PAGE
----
Lymphocytic-Plasmacytic Gingivitis Stomatitis (LPGS)

What is LPGS?

feline2.jpg (27122 bytes)
Severe inflammation around the canines
and premolars

LPGS is a severe oral disease which affects some cats. The cat becomes allergic to plaque around its teeth. The allergic response appears as marked inflammation at the area where the tooth meets the gum line.

Signalment - purebred feline breeds (Abyssinian, Persian, Himalayan, Burmese, Siamese, and Somaliís) are predisposed.

Signs - ptyalism, halitosis, dysphasia, anorexia (prefers soft food), dysphasia, weight loss, scruffy hair coat.

Physical Exam - erythematous, ulcerative, proliferative lesions affecting either the gingiva, glossopalatine arches, tongue, lips, buccal mucosa and/or the hard palate. The gingival inflammation completely surrounds the tooth (as compared to gingivitis which usually only occurs on the buccal surfaces. The syndrome may extend to the glossopharyngeal arches (faucitis) as well as the palate.

Causes and Risk Factors - Actual cause unknown, bacterial, viral and immunologic etiologies are suspected. Significant findings of feline coronavirus were found in one study. Immunosupression from FeLV or FIV can also lead to non responsive infections. Most cats affected by LPGS are negative for FeLV and FIV.

faucitis.jpg (6640 bytes)
Ulceration of a cat's pharynx
due to feline stomatitis

Diagnosis

Differental DX - periodontal disease, oral malignancy, eosinophilic granuloma complex.

CBC/CHEM/UA - polyclonal gammopathy secondary to antibody production following bacterial invasion into periodontal tissues. Leukocytosis and eosinophilia may be present.


Resolution of ulcers two weeks
after extraction of cheek teeth
and laser therapy

Imaging - intraoral radiographs are indicated to evaluate periodontal disease and feline oral odontoclastic resorptions.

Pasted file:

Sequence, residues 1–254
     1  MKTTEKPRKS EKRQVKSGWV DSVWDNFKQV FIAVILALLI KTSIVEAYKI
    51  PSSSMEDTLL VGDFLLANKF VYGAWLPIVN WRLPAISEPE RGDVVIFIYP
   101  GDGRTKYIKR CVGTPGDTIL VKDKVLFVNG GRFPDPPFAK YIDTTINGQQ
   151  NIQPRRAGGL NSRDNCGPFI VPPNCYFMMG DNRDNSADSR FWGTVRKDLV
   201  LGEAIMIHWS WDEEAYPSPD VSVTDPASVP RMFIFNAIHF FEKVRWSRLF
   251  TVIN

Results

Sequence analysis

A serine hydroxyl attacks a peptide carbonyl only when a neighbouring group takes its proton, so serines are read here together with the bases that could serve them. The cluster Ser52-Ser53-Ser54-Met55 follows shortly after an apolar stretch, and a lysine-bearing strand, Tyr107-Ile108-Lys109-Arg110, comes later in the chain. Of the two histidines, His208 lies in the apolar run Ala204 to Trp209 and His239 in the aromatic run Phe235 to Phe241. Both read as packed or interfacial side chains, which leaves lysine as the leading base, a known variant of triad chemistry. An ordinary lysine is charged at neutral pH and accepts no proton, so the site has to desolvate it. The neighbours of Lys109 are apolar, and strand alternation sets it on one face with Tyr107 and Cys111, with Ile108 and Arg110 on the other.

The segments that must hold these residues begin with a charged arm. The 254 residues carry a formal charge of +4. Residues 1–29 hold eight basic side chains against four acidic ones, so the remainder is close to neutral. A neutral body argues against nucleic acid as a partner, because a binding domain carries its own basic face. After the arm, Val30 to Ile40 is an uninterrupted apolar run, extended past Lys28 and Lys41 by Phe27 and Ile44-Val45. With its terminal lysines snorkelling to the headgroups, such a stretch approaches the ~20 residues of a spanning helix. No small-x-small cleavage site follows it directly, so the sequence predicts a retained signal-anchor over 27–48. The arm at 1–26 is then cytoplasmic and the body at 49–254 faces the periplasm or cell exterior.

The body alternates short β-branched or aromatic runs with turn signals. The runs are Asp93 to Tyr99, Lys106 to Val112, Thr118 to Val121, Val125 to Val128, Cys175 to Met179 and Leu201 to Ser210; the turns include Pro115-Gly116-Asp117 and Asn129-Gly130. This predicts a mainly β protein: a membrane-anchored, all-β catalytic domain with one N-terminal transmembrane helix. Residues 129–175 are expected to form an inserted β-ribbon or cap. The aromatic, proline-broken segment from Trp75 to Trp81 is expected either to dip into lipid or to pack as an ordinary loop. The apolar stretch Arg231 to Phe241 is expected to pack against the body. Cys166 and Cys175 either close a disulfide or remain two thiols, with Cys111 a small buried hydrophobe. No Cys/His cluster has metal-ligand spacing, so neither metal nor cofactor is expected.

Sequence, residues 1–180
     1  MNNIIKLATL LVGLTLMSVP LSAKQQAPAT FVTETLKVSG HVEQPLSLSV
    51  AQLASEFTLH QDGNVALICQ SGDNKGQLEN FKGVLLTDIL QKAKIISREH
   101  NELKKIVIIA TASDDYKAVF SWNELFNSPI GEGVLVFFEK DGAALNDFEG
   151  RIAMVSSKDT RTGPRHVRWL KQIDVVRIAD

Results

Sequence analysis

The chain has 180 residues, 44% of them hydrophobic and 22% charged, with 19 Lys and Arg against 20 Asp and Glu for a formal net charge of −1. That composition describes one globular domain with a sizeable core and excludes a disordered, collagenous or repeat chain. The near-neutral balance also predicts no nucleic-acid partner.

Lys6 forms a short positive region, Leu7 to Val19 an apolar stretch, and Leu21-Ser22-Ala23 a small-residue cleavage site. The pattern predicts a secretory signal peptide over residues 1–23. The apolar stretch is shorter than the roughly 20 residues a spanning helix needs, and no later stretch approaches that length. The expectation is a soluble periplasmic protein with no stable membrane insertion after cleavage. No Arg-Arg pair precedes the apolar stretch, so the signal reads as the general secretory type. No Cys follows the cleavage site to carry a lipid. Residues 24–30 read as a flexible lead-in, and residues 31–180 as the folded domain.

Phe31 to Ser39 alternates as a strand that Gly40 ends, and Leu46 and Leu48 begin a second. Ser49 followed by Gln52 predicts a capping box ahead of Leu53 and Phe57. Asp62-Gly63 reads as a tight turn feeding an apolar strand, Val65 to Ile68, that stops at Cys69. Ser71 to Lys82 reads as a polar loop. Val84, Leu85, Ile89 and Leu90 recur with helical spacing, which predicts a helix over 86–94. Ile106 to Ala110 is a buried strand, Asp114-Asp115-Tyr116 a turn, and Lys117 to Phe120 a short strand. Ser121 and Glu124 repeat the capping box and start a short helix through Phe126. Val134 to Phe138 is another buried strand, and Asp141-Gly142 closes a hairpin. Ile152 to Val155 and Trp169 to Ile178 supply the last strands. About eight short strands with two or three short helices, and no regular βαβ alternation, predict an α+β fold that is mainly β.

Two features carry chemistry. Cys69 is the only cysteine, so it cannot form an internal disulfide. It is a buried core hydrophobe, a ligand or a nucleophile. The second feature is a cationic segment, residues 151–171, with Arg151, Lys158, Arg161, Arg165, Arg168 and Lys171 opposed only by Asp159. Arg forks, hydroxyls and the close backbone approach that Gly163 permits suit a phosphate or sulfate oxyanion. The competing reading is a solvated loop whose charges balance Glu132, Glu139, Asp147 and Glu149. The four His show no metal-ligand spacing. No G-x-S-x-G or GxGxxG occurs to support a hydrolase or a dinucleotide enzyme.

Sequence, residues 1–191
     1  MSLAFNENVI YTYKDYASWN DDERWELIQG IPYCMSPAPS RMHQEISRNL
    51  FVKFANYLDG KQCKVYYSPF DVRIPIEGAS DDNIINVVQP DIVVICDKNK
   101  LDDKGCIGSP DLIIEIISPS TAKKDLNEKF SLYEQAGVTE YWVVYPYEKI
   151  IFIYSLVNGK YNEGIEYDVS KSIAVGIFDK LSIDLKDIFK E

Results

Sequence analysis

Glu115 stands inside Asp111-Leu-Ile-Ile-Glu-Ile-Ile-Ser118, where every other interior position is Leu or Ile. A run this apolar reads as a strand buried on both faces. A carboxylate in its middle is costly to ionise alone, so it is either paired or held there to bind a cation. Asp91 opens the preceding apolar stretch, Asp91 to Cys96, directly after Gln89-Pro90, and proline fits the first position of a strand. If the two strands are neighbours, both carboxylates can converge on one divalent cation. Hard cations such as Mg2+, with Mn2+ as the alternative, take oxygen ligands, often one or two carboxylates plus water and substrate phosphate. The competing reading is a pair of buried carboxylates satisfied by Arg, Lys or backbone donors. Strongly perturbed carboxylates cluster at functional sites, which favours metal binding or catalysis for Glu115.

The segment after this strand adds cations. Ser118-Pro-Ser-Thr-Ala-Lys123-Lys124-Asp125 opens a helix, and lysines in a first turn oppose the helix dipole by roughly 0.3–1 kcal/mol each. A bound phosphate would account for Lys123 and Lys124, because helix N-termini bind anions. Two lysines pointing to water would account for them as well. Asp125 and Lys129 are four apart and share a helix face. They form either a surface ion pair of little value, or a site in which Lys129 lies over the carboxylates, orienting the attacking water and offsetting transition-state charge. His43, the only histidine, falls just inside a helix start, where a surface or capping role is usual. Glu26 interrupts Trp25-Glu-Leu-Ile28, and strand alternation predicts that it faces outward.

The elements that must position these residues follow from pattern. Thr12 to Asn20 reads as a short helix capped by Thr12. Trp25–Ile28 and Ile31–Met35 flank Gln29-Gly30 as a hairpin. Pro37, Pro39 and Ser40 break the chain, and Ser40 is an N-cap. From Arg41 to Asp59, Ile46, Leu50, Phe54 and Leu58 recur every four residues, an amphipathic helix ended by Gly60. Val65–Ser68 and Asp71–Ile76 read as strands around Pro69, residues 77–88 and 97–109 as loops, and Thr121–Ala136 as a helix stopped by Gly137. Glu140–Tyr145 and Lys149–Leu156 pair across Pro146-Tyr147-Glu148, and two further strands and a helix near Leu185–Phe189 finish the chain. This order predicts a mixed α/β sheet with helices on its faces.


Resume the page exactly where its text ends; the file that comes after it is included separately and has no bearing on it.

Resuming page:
Diagnostic Procedures - biopsy should be performed especially in unilateral lesions to rule out neoplasia (primarily squamous cell carcinoma).

Pathologic Findings - plasma cells in sheets with some lymphocytes

Treatment

First line therapy involves teeth cleaning above and below the gingiva as well as strict home care and treatment (extraction) for those teeth affected with grades 3 and 4 periodontal disease and/or feline odontoclastic resorptive lesions.

Currently, the only treatment that will deliver consistent results of 70% cure without the use of follow up medications, are extractions of all the teeth distal to the canines. In addition to extraction, all quadrants are flapped and a bur is used to remove a trough of bone where the roots were, thus removing most of the keritinized gingiva, periodontal ligament and periradicular alveolar bone. In those non-responding, all teeth are removed. When extracting the teeth meticulous attention must be paid that, all tooth substance is removed. Intraoral radiographs should be taken before and after surgery. Additionally, the alveolar socket should be "smoothed down" with a high-speed drill bur before resuturing the gingiva. Postoperative application of fluocinonide 0.05% (Lidex Gel) to the gingival margin helps in the healing process.

Drugs - Antibiotics (clindamycin 5mg/kg q12hrs), Metronidazole, amoxicillin, ampicillin, enrofloxacin, tetracycline, Corticosteroids: Prednisone 2mg/kg initially daily followed by every other day. Methylpredinsolone acetate 2mg/kg q 7-30 days may also help control inflammation. Gold Salts (Solganol: Shering 1mg/kg im every week until improvement (up to four months) then every 14-35 days), megestrol acetate 1mg/kg, levamisole, cyclophosphamide, cyclosporin-A, chlorambucil 2mg/m2 orally every other day or 20 mg/m2 every other week, vitamin therapy, asprin, megestrol acetate, Bovine Lactoferin (40mg/kg) applied to the oral mucus membranes, and CO2 laser therapy have been used with inconsistent long term results. Lack of permanent response to conventional oral hygiene, antibiotics, anti-inflammatory drugs, and immunosupressives is typical.

Follow-Up - N/A

Age Related Factors - N/A

Associations with Other Diseases - for cats that are FIV+ AZT (5mg/kg) orally BID for three weeks and evaluate results, Oral interferon (Roferon) may help in the short term.

 



This page last updated on October 31, 2000
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Jan Bellows, DVM
All Pets Dental Clinic
17100 Royal Palm Blvd.
Weston, FL 33326
(954) 349-5800
dentalvet@aol.com